UN again falls short in Ukraine response

UN again falls short in Ukraine response

March 4, 2022

After the United Nations adopted a resolution this week condemning Russia’s invasion of Ukraine, with the support of 141 countries out of 193 and a standing ovation in the chamber, the Secretary-General of the international body, Antonio Guterres, boldly proclaimed: “The message of the General Assembly is loud and clear. End hostilities in Ukraine, now. Silence the guns, now. The ticking clock is a time bomb.”

As a symbolic gesture, it was an impressive display of collective outrage over Russian President Vladimir Putin’s brutal assault on a sovereign nation. As an effective means of pressuring Russia to bring a halt to its invasion, it is almost certainly of no consequence whatsoever.

UN Secretary-General Antonio Guterres has struggled to take a leadership role in the Ukraine crisis.Credit:AP

When the United Nations was established in 1945 after two calamitous world wars, its most pressing mission was to prevent a third. While it can tick that box and has, at times, played a constructive part in mediating conflicts (UN peacekeepers are operating in 12 countries), it has struggled to play an effective role in many wars, including those now taking place in Syria, Yemen and Libya.

Much of its ineffectiveness can be traced back to its origins. The power to establish peacekeeping operations, impose international sanctions and authorise military action lies with the 15-member Security Council. That body includes five permanent members that were victorious in World War II – Britain, China, France, Russia and America. To prevent the tyranny of the majority, each was given veto power over any matter that comes before the council.

And with that comes gridlock. That was never more obvious than during the Russian build-up and eventual invasion of Ukraine. Each month a member of the Security Council takes on the role of president, which is authorised to co-ordinate the council’s actions, decide the outcome of policy disputes and occasionally play a diplomatic role in a conflict. Last month, it was Russia’s turn to fill that role.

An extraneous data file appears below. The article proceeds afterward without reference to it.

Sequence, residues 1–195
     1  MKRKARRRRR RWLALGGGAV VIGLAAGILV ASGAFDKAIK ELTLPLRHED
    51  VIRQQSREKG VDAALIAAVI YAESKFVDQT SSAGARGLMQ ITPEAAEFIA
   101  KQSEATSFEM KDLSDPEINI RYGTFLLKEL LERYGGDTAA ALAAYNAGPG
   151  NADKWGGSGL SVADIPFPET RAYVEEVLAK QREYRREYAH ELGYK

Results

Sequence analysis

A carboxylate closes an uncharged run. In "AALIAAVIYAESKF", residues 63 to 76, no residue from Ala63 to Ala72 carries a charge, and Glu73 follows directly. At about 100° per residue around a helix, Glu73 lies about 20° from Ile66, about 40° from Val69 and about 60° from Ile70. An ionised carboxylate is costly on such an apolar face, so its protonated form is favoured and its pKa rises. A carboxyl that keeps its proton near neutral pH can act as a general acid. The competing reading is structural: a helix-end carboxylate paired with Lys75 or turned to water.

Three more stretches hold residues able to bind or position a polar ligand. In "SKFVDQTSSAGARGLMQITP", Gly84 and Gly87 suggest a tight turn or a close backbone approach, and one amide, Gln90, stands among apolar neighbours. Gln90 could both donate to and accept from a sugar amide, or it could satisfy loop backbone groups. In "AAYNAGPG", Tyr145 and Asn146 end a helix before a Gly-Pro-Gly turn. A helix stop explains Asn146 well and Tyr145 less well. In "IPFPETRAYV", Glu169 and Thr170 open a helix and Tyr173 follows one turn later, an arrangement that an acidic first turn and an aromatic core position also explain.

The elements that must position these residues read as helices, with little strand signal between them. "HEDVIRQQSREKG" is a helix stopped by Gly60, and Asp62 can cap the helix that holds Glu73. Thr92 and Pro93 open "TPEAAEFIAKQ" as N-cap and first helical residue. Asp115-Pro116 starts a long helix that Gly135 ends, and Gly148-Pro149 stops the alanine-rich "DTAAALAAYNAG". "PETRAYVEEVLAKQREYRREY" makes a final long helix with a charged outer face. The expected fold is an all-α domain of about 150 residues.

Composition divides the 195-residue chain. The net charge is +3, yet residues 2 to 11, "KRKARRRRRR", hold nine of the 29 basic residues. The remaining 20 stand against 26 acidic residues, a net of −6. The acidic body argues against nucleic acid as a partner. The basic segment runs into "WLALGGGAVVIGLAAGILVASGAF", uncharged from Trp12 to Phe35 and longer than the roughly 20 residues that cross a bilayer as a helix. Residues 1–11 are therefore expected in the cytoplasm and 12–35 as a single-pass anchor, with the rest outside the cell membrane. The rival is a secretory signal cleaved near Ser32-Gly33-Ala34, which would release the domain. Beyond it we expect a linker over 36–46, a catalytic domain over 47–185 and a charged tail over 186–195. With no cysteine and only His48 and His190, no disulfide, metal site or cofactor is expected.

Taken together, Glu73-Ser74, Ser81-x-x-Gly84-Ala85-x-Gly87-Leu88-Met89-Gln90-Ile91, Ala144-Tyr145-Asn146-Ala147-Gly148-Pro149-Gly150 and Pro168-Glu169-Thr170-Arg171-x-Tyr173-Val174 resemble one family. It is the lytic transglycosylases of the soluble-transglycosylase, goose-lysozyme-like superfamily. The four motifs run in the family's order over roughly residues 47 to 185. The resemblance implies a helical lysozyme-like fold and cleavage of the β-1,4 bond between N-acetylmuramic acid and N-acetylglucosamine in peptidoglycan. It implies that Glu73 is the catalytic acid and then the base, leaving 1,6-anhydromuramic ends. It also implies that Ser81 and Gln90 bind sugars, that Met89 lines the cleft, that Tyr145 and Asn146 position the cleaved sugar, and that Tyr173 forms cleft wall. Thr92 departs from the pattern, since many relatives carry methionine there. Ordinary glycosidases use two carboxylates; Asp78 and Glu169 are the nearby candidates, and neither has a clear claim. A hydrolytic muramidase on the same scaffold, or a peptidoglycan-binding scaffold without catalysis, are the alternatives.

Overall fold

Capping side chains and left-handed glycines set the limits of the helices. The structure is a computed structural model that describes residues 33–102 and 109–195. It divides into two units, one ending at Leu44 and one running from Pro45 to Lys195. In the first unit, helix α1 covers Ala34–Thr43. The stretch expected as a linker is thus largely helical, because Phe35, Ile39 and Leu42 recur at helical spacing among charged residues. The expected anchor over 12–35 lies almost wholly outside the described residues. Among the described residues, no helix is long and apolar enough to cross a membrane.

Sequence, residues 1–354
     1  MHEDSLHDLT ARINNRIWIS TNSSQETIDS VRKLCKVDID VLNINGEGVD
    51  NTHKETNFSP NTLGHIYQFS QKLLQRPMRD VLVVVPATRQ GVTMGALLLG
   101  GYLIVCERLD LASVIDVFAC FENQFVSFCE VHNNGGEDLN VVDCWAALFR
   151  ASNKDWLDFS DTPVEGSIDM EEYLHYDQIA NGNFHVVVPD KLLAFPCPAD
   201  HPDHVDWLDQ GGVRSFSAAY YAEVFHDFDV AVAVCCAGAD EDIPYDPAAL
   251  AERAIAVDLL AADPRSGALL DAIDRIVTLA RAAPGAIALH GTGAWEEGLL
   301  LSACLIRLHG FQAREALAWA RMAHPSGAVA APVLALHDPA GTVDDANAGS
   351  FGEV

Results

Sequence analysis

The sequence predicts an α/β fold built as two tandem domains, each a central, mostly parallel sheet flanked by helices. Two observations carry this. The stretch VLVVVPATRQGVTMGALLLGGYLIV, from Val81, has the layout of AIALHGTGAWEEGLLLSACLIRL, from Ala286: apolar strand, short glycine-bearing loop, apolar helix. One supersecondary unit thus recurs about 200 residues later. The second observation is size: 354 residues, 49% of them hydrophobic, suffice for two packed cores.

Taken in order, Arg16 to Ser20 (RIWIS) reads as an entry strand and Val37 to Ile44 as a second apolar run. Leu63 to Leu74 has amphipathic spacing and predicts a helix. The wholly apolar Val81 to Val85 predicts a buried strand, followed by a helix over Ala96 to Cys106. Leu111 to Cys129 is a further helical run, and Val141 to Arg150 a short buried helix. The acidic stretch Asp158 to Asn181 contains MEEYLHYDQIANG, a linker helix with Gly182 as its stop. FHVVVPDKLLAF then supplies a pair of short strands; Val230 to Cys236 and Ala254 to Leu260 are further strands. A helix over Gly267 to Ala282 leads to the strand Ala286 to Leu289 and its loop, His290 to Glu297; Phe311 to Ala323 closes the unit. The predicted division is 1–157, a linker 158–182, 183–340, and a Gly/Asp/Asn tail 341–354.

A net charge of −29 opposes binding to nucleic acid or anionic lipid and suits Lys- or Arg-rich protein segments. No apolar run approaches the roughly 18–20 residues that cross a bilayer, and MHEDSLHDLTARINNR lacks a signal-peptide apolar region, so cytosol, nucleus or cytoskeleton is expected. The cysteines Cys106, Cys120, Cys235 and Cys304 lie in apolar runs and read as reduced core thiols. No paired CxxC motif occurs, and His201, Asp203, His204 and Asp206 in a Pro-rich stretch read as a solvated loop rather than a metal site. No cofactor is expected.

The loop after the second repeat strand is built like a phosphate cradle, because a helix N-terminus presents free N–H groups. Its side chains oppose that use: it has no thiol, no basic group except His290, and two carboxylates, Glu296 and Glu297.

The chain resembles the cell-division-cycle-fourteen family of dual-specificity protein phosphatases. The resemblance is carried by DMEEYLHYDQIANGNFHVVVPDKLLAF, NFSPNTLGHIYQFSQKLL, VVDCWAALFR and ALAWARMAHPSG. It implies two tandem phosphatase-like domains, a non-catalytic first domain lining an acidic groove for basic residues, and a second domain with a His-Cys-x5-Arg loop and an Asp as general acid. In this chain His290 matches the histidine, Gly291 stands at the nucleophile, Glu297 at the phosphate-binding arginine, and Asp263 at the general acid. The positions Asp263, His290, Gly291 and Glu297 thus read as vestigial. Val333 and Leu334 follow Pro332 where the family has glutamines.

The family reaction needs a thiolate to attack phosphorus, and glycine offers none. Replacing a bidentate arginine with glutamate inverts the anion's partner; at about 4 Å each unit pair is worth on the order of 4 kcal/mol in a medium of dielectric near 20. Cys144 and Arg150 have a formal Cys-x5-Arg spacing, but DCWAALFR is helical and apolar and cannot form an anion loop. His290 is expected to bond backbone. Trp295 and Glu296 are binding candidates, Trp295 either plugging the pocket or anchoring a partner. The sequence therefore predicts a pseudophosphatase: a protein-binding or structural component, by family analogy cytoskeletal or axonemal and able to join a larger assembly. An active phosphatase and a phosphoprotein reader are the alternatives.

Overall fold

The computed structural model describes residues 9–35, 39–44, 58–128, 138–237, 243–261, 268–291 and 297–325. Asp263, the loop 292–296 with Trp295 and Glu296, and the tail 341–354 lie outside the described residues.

The symbolism could not have been worse. Here was the president of the Security Council, Russian ambassador Vassily Nebenzia, overseeing the most powerful body at the United Nations as his nation was blatantly violating most of the principles laid out in the UN’s charter. It made a mockery of such ideals as: “All Members shall refrain in their international relations from the threat or use of force against the territorial integrity or political independence of any state.”

A structure that was supposed to facilitate global unity and decisiveness has instead left the UN impotent, incapable of doing anything more during this crisis than offer a platform for speeches and declarations. It has stood by as the European Union, NATO and nations such as Australia and Japan have led the way in enforcing sanctions on Russia and offering Ukraine assistance. Even the business community, sporting bodies and cultural institutions have shown a greater capacity to voice their dismay at the Ukraine invasion not just in words, but in actions.

Two years ago, the United Nations celebrated its 75th anniversary. It was a muted affair. With the pandemic raging across the globe, the UN was struggling to orchestrate a global response to the virus. At no stage since has it managed to live up to its ambition as a global leader.

Its inability to take concrete and effective action, while Russia the aggressor holds one of its most powerful posts, will be another black mark against the UN’s reputation. The war in Ukraine is a moment in history that will have long-lasting consequences. The unprecedented global campaign to pressure Mr Putin to withdraw is a reflection of that reality. The UN’s bit part reveals again how far short it has fallen of its own lofty goals.

Gay Alcorn sends an exclusive newsletter to subscribers each week. Sign up to receive her Note from the Editor.

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